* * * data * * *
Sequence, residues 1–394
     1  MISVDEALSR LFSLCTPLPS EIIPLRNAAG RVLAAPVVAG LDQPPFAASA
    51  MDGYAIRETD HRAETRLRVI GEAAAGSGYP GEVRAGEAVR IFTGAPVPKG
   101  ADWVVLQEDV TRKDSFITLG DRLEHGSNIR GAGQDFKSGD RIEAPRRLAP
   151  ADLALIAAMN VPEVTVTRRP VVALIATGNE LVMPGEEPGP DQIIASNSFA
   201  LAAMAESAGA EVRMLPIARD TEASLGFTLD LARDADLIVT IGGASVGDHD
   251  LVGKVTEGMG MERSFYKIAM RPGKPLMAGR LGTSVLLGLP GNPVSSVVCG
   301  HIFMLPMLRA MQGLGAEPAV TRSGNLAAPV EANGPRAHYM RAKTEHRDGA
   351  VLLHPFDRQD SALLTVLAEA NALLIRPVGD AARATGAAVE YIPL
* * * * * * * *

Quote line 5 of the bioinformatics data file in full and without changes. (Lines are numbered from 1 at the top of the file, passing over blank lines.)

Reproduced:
   151  ADLALIAAMN VPEVTVTRRP VVALIATGNE LVMPGEEPGP DQIIASNSFA